My goals for this summer are to put in the best base work I have ever done. This may sound daunting but since I usually do a pretty poor job of running consistently over the summer I think I should be able to complete this goal just fine. My plan is to run 6 days a week and swim the seventh day. I also want to do be more consistent with core, mobility and strength training. I will be lifting campers all day long so I am not too worried about the strength training but following a disappointing track season I want to make sure to do all the little things in terms of mobility to prevent any potential injuries.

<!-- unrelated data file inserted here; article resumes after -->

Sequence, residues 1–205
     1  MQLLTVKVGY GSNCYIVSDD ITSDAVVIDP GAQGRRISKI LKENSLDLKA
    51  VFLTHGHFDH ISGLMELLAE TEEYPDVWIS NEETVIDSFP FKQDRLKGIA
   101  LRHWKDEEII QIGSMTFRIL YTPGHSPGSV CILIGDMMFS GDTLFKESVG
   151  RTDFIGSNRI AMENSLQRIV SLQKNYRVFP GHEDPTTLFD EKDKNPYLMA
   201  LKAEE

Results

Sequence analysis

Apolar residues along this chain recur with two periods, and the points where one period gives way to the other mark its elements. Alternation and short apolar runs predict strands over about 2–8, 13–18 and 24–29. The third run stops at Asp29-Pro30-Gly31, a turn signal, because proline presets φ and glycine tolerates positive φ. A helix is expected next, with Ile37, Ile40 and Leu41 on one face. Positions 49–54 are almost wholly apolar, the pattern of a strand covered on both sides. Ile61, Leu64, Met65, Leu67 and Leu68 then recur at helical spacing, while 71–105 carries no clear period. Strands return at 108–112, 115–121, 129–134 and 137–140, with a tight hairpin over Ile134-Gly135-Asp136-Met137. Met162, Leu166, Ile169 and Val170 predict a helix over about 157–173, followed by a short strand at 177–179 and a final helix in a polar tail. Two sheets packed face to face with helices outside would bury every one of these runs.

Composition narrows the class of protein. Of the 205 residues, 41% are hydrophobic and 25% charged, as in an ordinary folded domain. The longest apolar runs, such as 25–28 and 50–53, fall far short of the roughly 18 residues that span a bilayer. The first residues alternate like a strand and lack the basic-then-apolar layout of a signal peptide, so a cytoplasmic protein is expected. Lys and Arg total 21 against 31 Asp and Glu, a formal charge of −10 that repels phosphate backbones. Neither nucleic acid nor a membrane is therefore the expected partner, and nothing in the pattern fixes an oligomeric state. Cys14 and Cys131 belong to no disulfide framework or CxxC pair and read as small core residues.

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For the first week in Manhattan I know places to run from previous trips and I am really excited about getting to explore the city once again. For the rest of the summer I am in the dark. I have never been to Southampton before and know almost nothing about running trails. However the camp director assures me there are places to “jog,” so I am really looking forward to running in a totally new environment. Another challenge is that I have never met any of the counselors I am working with since most of them are from England, Ireland or Scotland. My hope right now is that I will find some willing running partners or perhaps convert some of my co-counselors to runners.